Horus Hearsay is dedicated to Keri’s journey through the Horus Heresy saga. The chronicling of the Horus Heresy began over ten years ago, with currently 55 books in total, not counting The Primarchs series or the various short stories. Horus Hearsay will only cover the main novels.
I’m still shocked at how fast everything is tumbling down the hill after False Gods. I know months have passed since Horus’ conversion on Davin, but to me it’s just been a week. It’s only been a few days since Erebus poisoned Horus’ mind. It’s only been a few days since Torgaddon quit the Lodge. Ignace Karkasy “committed suicide” just the other day, right? Since that is clearly the case, how can Horus’ betrayal have gone so far as to order Abaddon and Aximand to kill Loken?
Okay, yes, I know it’s been months. In that time, the Mournival disintegrated and Loken and Torgaddon have ceased being friends with any of the higher-ups. Horus, without ever talking to Loken about his feelings, just writes Loken off. My heart broke with nearly every page.
I told Jen that the way things were going, I completely expected Loken and Torgaddon to die on the battlefield. It’s how Horus silenced Varvarus. Why wouldn’t he do something similar again? It doesn’t matter that he was very close to them at one time. He’s not letting anything get in the way of his newfound ambition.
And I was right. I just never expected how he would do it in Galaxy in Flames.
I haven’t read a single codex on the Warhammer 40,000 universe, so I don’t have any fine details of the Horus Heresy in my database. Anything I know is from what Jen has mentioned or I’ve learned it while researching something else. I’ve thought about reading the codices, but I also kind of like going into this story blind. I knew something bad happened on Istvaan that kicked off the revolution in earnest. I didn’t know that something bad was Horus sending down every Astartes across four Legions that he thought wouldn’t side with him. That included Loken and Torgaddon.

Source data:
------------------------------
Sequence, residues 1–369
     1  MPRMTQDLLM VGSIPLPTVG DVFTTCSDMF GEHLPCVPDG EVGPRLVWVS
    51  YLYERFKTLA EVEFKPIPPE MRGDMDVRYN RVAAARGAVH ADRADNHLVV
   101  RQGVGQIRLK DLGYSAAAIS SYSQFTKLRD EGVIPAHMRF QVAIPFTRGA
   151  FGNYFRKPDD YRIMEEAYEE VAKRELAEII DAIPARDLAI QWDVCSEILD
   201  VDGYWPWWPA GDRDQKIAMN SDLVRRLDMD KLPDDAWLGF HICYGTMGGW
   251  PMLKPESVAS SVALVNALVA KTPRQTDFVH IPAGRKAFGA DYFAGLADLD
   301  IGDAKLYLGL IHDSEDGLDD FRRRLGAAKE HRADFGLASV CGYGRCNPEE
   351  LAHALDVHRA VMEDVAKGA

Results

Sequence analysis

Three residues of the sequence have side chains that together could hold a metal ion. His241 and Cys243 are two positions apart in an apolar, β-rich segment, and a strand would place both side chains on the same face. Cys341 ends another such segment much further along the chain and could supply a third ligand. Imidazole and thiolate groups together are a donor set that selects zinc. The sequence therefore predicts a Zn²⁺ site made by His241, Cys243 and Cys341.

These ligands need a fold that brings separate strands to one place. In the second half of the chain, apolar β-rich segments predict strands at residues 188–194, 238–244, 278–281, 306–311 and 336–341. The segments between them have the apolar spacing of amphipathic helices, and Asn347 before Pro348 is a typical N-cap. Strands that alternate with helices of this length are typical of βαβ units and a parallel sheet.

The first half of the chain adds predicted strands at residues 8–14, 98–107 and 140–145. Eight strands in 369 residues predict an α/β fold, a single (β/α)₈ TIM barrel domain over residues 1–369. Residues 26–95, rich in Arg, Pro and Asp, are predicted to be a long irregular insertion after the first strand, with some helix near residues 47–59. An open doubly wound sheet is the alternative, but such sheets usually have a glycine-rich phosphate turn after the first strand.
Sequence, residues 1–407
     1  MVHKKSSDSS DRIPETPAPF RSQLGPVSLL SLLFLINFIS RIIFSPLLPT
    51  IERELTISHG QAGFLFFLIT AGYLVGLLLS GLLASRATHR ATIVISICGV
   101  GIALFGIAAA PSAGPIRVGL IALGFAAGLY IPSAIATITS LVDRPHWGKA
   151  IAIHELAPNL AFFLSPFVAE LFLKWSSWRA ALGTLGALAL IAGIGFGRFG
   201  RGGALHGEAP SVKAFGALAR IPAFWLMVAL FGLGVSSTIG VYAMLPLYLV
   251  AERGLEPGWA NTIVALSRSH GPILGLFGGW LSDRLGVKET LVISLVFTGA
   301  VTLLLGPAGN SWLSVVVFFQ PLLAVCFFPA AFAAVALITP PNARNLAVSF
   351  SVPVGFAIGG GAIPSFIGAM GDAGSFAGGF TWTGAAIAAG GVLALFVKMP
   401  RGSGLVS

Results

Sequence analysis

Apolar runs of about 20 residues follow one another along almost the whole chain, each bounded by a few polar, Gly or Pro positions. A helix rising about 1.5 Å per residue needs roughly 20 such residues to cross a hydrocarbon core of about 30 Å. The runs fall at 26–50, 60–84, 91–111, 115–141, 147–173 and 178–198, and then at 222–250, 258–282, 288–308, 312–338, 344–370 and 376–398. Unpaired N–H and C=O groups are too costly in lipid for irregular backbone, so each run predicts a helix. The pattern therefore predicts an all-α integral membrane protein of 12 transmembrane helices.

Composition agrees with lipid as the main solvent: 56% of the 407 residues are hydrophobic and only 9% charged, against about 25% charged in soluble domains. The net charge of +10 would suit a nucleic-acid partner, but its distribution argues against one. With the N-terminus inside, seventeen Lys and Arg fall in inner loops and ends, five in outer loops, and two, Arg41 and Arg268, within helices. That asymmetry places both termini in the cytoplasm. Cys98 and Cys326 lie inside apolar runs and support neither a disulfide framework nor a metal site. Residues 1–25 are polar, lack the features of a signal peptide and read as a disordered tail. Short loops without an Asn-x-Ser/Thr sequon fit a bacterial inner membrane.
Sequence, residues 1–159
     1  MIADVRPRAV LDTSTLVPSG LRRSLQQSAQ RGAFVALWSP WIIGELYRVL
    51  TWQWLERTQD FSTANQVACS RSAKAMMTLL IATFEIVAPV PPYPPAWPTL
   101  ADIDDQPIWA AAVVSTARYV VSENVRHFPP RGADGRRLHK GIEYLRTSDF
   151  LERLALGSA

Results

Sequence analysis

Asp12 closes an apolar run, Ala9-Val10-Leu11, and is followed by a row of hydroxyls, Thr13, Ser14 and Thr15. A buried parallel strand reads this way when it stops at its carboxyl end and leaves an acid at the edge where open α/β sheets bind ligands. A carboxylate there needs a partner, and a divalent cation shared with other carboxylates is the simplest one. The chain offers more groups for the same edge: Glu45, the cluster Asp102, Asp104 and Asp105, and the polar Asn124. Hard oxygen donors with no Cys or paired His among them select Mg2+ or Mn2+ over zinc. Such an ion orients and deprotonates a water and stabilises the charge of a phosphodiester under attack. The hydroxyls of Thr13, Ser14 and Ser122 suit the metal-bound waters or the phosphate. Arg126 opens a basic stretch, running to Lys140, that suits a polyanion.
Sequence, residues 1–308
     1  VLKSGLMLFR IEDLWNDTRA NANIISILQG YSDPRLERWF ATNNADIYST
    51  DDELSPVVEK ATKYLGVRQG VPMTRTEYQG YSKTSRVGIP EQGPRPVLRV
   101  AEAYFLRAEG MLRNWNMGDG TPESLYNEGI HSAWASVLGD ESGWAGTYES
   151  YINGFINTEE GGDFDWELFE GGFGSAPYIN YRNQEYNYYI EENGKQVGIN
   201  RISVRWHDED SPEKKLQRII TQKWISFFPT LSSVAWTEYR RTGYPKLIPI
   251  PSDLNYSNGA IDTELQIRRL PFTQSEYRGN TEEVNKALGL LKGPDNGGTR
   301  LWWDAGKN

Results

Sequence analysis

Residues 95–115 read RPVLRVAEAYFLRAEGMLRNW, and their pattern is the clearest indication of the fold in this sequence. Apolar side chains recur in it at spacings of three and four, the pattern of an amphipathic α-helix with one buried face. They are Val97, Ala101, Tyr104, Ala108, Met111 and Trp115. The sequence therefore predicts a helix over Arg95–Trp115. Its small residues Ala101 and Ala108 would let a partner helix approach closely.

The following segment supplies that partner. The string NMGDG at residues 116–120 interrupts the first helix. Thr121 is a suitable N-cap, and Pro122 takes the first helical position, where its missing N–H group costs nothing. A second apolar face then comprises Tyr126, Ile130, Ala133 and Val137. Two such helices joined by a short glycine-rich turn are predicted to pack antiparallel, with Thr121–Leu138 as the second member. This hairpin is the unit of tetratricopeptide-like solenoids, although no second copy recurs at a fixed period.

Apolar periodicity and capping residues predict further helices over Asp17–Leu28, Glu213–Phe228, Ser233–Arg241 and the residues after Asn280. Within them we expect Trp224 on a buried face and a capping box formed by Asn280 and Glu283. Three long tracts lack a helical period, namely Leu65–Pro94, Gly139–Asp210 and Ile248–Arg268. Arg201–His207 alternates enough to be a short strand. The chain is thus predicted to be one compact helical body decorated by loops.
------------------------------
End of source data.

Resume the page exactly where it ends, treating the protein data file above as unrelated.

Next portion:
I didn’t think that something bad was dropping virus bombs on Istvaan III. I never expected firestorm bombs to burn away all the bodies and evidence. I also didn’t expect Lucius to fully turn on his best friend.
But none of that prepared me for the sock to the gut upon reading the surviving World Eaters’ reactions to their Primarch finishing the job. Their reaction was almost akin to a child’s reaction to an abusive parent. I could almost hear them ask, “Daddy, why?” The Emperor’s Children wondered why they weren’t perfect enough. The Death Guard were in shock. The Sons of Horus had no idea what they did wrong, except for Loken and Torgaddon.
It was unbelievably tragic.
When the Saint Goes Marching Out
Reading the Dark Imperium series along with the Horus Heresy has put me in a crisis of belief, as it were. I can’t determine the Emperor’s divinity, and as such, I can’t decide if Euphrati Keeler is a saint or not. I can’t deny what she did in the Archives, but was it divine, holy power or did her experience in the Whisperheads unlock her psyker abilities?
Either would explain how she was able to escape each trap Horus set for her entourage, how she knew to go to Iacton Qruze for help, and when she knew it was the right time to escape the remembrancer assembly.
But for her to be a saint…
I keep going through the omniscient/omnipresent/omnipotent argument with God. If God is all powerful, why doesn’t He stop bad things from happening? If God is all knowing, why doesn’t he prevent bad things from happening? You get the idea, and the same applies to the Emperor.
If the Emperor is a god, and He has indeed tapped Euphrati to be a saint and help them, then why hasn’t he attempted to stop Horus? Why make Euphrati a saint, using the exact document He punished Lorgar for writing? What purpose can He truly have for her? He doesn’t need her to survive, because other Astartes survived the ambush and could get the word out. It doesn’t line up for me, at least not yet.
It doesn’t help that I can’t stand her character. I don’t know why, but she irks me. Maybe things will become clearer in Flight of the Eisenstein, which is the Death Guard ship she fled to.